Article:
DUI with Serious Bodily Injury

If you were arrested for felony DUI with serious bodily injury, contact an attorney at the Sammis Law Firm. Any driving under the Influence (“DUI”) is serious, but when it is alleged that drunk driving causes serious bodily injury, the felony penalties are particularly harsh.

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In many cases, if the driver is taken to the hospital, the arresting officer will delay an arrest until after the blood test results are returned. In other cases, the officer might make an immediate arrest, and the person is subject to remote booking from the hospital.

The FDLE criminal lab might take several months to return the blood test results. Remember that the officers needed a warrant unless your blood was taken with your free and voluntary consent. The warrantless blood draw is always a highly contested issue in these cases.

After the lab results are returned, a prosecutor at the State Attorney’s Office might decide to file the charge by direct information.

The prosecutor might also notify you that it intends to issue a subpoena for your medical records if you were taken to the hospital after the crash.

Attorney for DUI with Serious Bodily Injury in Tampa, FL

If you were charged with DUI involving serious bodily injury, you might also be facing a civil lawsuit for damages caused to the victim who suffered serious bodily injury.

Your criminal defense attorney can also help you resolve the issues in the civil case as you work with your insurance company. If you were injured in the accident, you might also need representation in a civil lawsuit for the damages caused by any personal injury.

The attorneys at the Sammis Law Firm take a full-service approach in these cases as we help our clients fight any administrative with DHSMV to protect the driver’s license, the criminal charges in court, and a civil lawsuit for monetary damages.

Call us at (813) 250-0500 to learn what you might need to do immediately to protect yourself after this serious accusation. Let us put our experience to work for you at every stage of the case.

Penalties in Florida for DUI with Serious Bodily Injury

Under Florida law, DUI with serious bodily injury is a third-degree felony charge with a statutory maximum penalty of 5 years in Florida State Prison and a $5,000.00 fine.

The charge is also serious because under Florida law (without a downward departure), the Court will impose a sentence under a sentencing score sheet if you are convicted.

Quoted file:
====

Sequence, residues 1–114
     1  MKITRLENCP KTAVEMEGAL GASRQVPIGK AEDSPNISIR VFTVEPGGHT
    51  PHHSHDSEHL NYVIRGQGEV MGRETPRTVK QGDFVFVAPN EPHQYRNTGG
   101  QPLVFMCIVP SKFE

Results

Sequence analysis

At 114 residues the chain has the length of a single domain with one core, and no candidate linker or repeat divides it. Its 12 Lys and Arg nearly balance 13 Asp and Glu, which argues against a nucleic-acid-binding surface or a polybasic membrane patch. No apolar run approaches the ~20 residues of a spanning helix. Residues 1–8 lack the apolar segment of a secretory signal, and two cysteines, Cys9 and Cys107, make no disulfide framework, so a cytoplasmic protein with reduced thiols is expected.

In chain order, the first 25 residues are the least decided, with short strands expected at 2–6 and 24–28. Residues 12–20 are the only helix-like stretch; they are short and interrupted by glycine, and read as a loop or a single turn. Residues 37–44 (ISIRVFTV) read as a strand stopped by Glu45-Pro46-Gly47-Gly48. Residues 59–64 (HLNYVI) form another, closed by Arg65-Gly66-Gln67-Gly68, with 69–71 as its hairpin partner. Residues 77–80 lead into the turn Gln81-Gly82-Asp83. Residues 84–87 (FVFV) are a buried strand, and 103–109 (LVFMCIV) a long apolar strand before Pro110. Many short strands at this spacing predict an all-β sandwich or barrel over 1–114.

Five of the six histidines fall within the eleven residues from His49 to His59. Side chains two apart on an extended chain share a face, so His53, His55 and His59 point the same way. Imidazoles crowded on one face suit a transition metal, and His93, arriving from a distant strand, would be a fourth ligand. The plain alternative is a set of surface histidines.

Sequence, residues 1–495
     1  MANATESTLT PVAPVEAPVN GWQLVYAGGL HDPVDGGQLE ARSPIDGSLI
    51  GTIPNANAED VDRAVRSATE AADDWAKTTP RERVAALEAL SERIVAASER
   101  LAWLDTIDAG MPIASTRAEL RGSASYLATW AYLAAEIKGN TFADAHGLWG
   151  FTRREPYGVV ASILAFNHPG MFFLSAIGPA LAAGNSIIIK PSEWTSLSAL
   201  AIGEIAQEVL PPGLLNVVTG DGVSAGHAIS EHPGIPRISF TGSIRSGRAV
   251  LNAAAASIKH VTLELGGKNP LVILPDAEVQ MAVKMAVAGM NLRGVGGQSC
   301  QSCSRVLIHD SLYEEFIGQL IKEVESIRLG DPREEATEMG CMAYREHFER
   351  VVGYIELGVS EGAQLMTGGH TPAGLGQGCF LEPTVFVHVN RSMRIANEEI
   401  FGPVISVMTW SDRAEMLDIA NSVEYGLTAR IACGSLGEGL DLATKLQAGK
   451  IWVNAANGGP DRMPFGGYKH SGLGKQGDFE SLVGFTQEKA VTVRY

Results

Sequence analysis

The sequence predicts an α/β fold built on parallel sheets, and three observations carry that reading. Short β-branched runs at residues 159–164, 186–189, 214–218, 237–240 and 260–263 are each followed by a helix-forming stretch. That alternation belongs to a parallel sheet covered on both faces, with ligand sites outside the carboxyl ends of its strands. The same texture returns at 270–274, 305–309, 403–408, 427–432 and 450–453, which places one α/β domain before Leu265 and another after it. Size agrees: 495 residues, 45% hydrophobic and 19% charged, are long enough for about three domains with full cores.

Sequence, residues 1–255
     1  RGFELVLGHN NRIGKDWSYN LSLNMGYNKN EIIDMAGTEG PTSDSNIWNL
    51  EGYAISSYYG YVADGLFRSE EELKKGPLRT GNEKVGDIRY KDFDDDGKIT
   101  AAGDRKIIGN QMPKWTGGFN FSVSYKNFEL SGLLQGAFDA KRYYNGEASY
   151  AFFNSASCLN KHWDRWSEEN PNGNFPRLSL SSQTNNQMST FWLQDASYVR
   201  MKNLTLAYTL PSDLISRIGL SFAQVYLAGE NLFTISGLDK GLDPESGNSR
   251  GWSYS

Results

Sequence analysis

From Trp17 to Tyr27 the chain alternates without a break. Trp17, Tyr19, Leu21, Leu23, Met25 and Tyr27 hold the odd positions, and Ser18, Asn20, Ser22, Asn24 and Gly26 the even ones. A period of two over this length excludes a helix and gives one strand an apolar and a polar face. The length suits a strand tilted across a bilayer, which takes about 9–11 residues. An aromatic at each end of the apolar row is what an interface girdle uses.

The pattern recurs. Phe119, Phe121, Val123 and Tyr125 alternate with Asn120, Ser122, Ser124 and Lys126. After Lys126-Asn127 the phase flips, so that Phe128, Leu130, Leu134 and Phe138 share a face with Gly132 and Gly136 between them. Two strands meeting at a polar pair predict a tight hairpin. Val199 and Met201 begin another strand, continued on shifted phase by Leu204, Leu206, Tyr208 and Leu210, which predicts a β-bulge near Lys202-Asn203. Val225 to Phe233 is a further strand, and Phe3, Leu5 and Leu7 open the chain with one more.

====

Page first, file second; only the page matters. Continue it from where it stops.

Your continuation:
When the total guideline sentence for this felony DUI charge is calculated under the Florida Score Sheet for the Criminal Punishment Code, the minimum prison sentence for someone with no prior record charged with this offense would be four (4) years and three months in Florida State Prison.

Even assuming you have no prior criminal history, DUI with serious bodily injury is a level 7 offense which adds 56 points to your score sheet. If the court also finds that the victim’s injury is severe (which is common in most felony DUI cases with serious bodily injury), then an additional 40 points would be added, bringing the total minimum sentence under the guidelines to 51 months in Florida State Prison.

If you have any other charges on your criminal record, the punishment can be even more severe.

Since the maximum prison sentence is 60 months in prison and the guidelines tend to be between 48 and 51 months, these cases tend to go to trial more often than other types of felony offenses that have lower guideline sentences.

In addition to the penalties discussed above, a conviction for DUI with serious bodily injury will result in a court-ordered minimum three-year suspension or revocation of your Florida driver’s license. The three-year driver’s license revocation does not begin until after you have finished any period of incarceration, jail, or prison.

Defenses in DUI with Serious Bodily Injury Cases

For these reasons, it is important to fight the charges at every stage of the case. In many cases, the driver is also injured in the accident, and the police take a blood draw at the scene, in an ambulance, or at the hospital. In certain circumstances, the police may take a blood draw while you are unconscious or after you refuse to submit.

In fact, many people do not realize that Florida law allows the police to take a sample of your blood using reasonable force when the police have probable cause to think that a person drove a vehicle while under the influence of drugs or alcohol and caused another person to be seriously injured in the accident.

Many of these cases hinge upon whether the blood test results are admissible at trial because, without the blood test results, many of these cases are difficult to prosecute successfully.

“Serious bodily injury” is a term of art used repeatedly throughout the Florida criminal statutes. Florida law defines serious bodily injury as an injury to any person that causes the loss, impairment, or function of a body part or organ, serious personal disfigurement, or the substantial risk of death.

Not all injuries are serious bodily injuries. For example, in Galgano v. Buchanan, 783 So.2d 302 (Fla. 4th DCA 2001), the court found that a broken leg resulting in 5% permanent impairment did not constitute “serious bodily injury” under section 316.1933(1).

Unless the police officer that took the blood had probable cause that serious bodily injury occurred, no forced blood draw is allowed without a warrant (or a finding of exigent circumstances). Deciding whether the victim’s injury meets this definition is often a contested issue in the criminal case.

The Blood Test in a Bodily Injury DUI Case

In other cases, the police may compel the hospital to release blood samples taken for medical purposes. Many technical defenses can be used when the prosecutor tries to admit an alcohol concentration result into evidence at trial. Hospitals use serum blood for medical testing purposes, while analysis of blood for law enforcement purposes is limited to whole blood.